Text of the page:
Written by Hagop Shahamirian and published also in Madras in 1773, Vorokayt Paratz, and its addendum which was completed a few years later, not only outlined the future constitution of a free and independent Armenian state, but also created a set of by-laws for the Diaspora to govern itself with until the establishment of a such a state.
For the first time in Armenian history, it was Shahamirian who called for a “constitutional republic” as the best way of maintaining democracy and equality in the free Armenia of his dream. In great detail, Shahamirian explains how a “President should be elected by the people for a three year term and the President should be the head of the executive power.”
It goes on to say that the future Armenian republic should “guarantee the freedom of conscience, and make every effort to separate church from state.” Addressing his readers, Shahamirian says: “Fellow civilians, do not interfere in the affairs of the church. Clergy, do not interfere in the affairs of the civilians.”
Turning to administrative matters, he calls for “all top government officials to be elected by the people. The country must have a 90,000-strong permanent army, and the state budget should come from various forms of taxation, based on the principle that the rich will have to give more than the poor.”
On other issues, Vorokayt Paratz calls for an end to old hierarchy and replacing them in a democratic society with equality for all where every Armenian, and especially those living in the Diaspora, will make an annual financial contribution to a unified national fund.
“All citizens should have equal rights. Deeds should come before lineage. A faithful shepherd who protects his flock against wolves is a better man than a lazy Prince,” Shahamirian wrote in 1773.
But what they created were not just concepts. The “Madras Group” also set up a special fund created through direct charitable donations from the community to establish schools, preserve the national heritage and culture and “make sure that Armenians of the Diaspora are not lost through assimilation.”
“We should continue along this path of self reliance (in the Diaspora) until that blissful day, God willing, when our country will have its own ruler and the Armenians return to Mother Armenia and the arms of our Araratian home,” Shahamirian and his friends wrote.
Along more practical terms, Shahamirian stressed the paramount importance of laws to govern all societies, starting from the community level up to the future Armenian State. “Where there are no laws, there will be no justice, no equality and no freedom. The people are the rulers and the King is the law,” he wrote, explaining the essential need to create a society where the law is above all. “But the laws should come from the people and all should be equal under the law.”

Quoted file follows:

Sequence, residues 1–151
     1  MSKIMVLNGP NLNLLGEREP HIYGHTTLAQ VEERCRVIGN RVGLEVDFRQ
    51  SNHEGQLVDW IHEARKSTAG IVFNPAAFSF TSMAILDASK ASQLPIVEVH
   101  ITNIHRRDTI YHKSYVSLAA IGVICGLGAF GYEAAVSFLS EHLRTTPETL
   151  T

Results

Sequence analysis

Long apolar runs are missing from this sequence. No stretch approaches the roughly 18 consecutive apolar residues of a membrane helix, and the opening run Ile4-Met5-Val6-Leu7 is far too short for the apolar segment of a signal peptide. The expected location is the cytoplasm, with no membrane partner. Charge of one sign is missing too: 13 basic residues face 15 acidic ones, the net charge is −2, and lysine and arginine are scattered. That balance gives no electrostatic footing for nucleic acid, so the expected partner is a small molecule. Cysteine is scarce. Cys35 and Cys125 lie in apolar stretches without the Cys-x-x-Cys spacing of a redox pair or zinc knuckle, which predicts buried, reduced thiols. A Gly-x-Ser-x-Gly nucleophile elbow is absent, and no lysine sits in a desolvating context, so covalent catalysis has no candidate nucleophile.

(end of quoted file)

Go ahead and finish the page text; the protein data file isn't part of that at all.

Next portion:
Having created a vision of how they saw a future state, Shahamirian and his fellow members of the “Madras Group” also realized that while Armenians had to mobilize their own efforts, they could not create a free Armenia without help. For them the key to such a state was in an alliance with Imperial Russia and neighboring Georgia-both Christian nations-along with the active help and support of the Armenian Princes of Nagorno Karabakh-or Meliks as they were known the time.
It is ironic that the early architects of an independent Armenian state believed that Nagorno Karabakh was as much a key issue as it is today, with the difference that it was Armenia which needed help.
The “Madras Group” was so fervent that one of its members, a merchant by the name of Khojah Krikor, offered to give all his personal wealth to finance the liberation of Armenia from foreign occupation-provided the endeavor had the support of the Holy See of Etchmiadzin. But indications, as seen in various publications from that era, were that Etchmiadzin was reluctant to give its blessing to a revolutionary movement against Ottoman Turkey and Persia, the superpowers of the region.
The “Madras Group” also offered financial help to Hovsep Emin, a prominent member of the Indian Armenian community who had spent most of his adult life in England and toured both Russia and Georgia, to organize the liberation movement.
In later years, Emin, in his memoirs, reflecting his disappointment with the lack of progress, writes: “Our people are shedding their blood and tears for a piece of bread. But as soon as a few people get rich, they are always subjected to pressures by outsiders because we do not have the strength to fight back and a country to stand behind us.”
More than 200 years have passed since the birth of the “Madras Group.” They did not see their dreams come true, but today Armenia is a free and independent republic and Shahamirian and his friends from Madras, India, can be remembered as early visionaries.